Fifty years ago, Tom Allen walked out of his American Literature class taught by Lucille Brown Kennedy. It was in 1946 in Room 202 at Woodrow Wilson High School.

He remembers that Lucille was short in stature, had piercing eyes with a friendly glint and maintained strict order. She was a teacher who had a keen interest in the personalities she taught and was able to speak of Poe, Longfellow, Holmes, Whittier and other poets with such interest that one could almost see the Raven in the classroom, says Allen, a neighborhood resident and former Woodrow history teacher.

“It was Lucille more than ourselves or our parents,” Allen says. “When the year ended and the tally of education was made, we found our cups ‘running over’ in appreciation of those long-past hazy writers – they were now, because of her, as fresh as a newborn.”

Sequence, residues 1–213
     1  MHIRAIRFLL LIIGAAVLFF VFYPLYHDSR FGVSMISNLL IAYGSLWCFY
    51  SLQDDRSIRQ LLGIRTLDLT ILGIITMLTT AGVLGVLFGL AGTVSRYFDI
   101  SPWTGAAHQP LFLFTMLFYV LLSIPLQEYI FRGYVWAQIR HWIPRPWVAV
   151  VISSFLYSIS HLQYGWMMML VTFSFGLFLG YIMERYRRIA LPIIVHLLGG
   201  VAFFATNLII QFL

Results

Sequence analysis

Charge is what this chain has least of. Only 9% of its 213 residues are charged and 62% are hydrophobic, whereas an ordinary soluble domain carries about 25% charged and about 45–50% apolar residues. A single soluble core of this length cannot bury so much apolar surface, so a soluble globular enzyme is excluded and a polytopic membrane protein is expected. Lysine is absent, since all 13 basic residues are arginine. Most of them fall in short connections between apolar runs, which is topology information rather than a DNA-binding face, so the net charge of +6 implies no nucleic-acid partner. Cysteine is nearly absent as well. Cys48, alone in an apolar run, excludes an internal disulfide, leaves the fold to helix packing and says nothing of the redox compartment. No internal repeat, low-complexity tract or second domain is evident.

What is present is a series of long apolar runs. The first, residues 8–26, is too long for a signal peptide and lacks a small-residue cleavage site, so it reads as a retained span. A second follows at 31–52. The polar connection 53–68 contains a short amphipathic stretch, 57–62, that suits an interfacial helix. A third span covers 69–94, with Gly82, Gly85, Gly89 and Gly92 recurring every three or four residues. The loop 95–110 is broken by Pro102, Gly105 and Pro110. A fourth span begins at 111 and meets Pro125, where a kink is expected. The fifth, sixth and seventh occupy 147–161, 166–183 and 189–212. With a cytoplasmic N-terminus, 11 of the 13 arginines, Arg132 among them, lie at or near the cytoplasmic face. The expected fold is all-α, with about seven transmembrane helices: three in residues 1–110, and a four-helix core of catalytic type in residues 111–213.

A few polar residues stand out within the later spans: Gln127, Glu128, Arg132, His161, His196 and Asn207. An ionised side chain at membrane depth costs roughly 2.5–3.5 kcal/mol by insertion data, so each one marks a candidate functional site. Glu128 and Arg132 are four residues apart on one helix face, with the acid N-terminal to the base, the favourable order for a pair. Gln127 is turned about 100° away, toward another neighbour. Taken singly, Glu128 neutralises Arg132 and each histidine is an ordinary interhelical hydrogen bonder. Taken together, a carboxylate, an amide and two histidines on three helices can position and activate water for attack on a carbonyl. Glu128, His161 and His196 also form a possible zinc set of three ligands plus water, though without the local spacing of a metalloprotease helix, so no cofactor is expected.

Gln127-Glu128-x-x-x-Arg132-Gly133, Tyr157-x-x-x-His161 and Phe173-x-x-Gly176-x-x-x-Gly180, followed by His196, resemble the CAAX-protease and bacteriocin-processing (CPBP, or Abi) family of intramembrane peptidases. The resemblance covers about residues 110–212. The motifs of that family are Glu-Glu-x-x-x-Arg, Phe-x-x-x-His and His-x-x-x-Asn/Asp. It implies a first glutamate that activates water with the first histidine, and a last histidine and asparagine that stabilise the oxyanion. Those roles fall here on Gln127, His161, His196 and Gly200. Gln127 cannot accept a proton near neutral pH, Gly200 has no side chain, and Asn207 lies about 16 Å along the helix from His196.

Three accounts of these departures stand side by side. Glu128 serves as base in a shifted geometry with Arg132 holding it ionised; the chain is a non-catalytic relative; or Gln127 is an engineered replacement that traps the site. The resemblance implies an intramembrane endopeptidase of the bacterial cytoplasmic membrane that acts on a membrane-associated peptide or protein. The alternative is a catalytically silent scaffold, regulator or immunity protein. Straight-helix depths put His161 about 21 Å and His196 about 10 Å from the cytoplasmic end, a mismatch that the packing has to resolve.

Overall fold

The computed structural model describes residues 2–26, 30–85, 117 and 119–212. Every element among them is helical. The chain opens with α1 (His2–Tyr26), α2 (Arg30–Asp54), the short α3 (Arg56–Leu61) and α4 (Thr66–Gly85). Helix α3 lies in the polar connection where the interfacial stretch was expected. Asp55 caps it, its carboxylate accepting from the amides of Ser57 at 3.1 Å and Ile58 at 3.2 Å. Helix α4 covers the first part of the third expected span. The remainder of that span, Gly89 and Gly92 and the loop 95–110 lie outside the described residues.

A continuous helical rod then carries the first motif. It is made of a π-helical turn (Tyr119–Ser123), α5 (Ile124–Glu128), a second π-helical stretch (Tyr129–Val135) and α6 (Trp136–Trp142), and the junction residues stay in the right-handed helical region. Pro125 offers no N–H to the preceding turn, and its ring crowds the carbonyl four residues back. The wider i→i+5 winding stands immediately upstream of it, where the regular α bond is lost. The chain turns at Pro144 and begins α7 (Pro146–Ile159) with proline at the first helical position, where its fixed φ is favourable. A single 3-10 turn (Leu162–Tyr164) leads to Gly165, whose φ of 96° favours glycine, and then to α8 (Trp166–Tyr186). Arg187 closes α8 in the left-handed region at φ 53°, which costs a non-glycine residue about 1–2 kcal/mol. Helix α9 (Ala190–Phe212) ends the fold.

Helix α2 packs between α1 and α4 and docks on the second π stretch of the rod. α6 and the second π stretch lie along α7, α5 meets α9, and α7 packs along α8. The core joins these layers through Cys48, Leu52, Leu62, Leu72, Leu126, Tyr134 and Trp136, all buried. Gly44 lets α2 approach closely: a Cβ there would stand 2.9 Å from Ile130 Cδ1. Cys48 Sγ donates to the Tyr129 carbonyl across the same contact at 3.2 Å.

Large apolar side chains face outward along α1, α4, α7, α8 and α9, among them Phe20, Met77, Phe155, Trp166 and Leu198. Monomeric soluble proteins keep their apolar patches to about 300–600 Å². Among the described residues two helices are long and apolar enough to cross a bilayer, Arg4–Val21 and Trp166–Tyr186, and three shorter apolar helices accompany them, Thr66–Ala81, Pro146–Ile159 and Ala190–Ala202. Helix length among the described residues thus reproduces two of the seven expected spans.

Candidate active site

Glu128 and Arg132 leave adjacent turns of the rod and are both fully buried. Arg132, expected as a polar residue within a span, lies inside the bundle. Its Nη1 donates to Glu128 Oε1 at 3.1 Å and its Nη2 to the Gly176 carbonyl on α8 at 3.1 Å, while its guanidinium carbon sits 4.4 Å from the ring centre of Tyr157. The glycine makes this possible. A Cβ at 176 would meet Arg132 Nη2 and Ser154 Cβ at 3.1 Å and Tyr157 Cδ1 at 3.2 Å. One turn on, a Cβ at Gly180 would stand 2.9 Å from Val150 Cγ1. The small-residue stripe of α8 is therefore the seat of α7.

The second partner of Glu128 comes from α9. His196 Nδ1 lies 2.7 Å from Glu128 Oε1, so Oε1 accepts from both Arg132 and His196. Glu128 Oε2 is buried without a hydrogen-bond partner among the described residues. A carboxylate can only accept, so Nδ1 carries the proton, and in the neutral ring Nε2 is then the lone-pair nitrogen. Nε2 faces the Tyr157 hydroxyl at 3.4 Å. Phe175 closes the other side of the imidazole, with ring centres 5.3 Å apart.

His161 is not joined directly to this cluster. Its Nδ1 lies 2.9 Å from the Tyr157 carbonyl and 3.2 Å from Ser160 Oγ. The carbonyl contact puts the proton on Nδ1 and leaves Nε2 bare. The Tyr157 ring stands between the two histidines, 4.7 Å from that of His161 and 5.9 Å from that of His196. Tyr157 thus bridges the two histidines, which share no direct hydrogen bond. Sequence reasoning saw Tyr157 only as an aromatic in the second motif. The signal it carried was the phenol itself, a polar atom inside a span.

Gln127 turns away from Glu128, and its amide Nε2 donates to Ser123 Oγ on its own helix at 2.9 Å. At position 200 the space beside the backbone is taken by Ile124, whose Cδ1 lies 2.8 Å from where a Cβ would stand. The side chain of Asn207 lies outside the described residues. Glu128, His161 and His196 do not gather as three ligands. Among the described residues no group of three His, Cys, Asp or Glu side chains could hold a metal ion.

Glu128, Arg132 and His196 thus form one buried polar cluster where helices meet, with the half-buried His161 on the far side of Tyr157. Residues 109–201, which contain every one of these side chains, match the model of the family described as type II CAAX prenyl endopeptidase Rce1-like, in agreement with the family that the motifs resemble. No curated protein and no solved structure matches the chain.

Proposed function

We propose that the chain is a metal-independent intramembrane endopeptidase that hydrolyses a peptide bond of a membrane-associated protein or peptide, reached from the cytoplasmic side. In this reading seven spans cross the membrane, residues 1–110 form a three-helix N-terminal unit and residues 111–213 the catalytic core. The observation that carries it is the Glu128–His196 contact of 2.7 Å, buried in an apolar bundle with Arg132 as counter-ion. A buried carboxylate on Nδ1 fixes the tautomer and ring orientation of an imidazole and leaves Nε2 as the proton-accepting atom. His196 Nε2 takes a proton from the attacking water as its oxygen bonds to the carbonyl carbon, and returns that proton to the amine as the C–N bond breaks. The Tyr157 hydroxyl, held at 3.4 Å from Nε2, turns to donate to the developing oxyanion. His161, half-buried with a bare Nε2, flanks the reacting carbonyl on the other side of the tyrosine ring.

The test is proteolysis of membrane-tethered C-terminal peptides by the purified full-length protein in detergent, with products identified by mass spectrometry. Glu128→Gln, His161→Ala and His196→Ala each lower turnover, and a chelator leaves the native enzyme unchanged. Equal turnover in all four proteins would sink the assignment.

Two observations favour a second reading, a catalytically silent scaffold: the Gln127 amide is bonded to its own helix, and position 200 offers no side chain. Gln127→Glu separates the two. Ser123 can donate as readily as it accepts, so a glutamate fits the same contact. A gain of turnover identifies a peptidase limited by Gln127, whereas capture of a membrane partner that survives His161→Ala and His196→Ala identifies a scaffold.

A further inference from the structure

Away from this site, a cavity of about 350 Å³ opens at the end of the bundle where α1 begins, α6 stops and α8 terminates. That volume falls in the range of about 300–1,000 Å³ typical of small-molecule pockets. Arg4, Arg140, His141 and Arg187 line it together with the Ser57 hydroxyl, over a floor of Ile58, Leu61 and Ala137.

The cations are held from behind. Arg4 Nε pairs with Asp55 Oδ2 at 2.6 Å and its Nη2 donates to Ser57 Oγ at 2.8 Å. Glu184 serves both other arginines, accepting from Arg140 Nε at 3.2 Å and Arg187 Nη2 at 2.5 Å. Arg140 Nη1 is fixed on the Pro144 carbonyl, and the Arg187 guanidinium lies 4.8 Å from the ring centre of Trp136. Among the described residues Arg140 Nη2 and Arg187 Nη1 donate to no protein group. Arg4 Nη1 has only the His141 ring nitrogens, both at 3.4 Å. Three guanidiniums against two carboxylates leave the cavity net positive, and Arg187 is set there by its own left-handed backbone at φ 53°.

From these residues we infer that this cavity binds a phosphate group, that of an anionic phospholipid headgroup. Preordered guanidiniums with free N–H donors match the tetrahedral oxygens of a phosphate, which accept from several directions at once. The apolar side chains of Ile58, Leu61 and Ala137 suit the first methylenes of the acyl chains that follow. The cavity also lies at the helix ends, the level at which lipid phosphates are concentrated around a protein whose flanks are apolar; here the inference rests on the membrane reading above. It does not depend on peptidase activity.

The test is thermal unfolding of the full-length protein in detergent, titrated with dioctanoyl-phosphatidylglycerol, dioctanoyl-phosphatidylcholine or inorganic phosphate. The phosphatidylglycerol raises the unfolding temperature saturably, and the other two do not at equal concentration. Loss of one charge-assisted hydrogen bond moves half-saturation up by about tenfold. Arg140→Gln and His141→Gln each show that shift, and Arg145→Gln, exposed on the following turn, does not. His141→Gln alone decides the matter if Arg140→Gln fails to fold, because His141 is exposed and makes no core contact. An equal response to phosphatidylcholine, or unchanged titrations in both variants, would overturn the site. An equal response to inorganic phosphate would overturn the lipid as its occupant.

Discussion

Students wanted to please her, and according to Allen, that is a mark of a good teacher.

“She had a sparkle about her subject, rare but tremendously effective,” Allen says. “Good teachers blend life with subject matter in a marvelous way.”

“When we left her room for the last time, something died. I don’t know what, but I never again – even in college – had English opened in such a manner. It will be with me always.”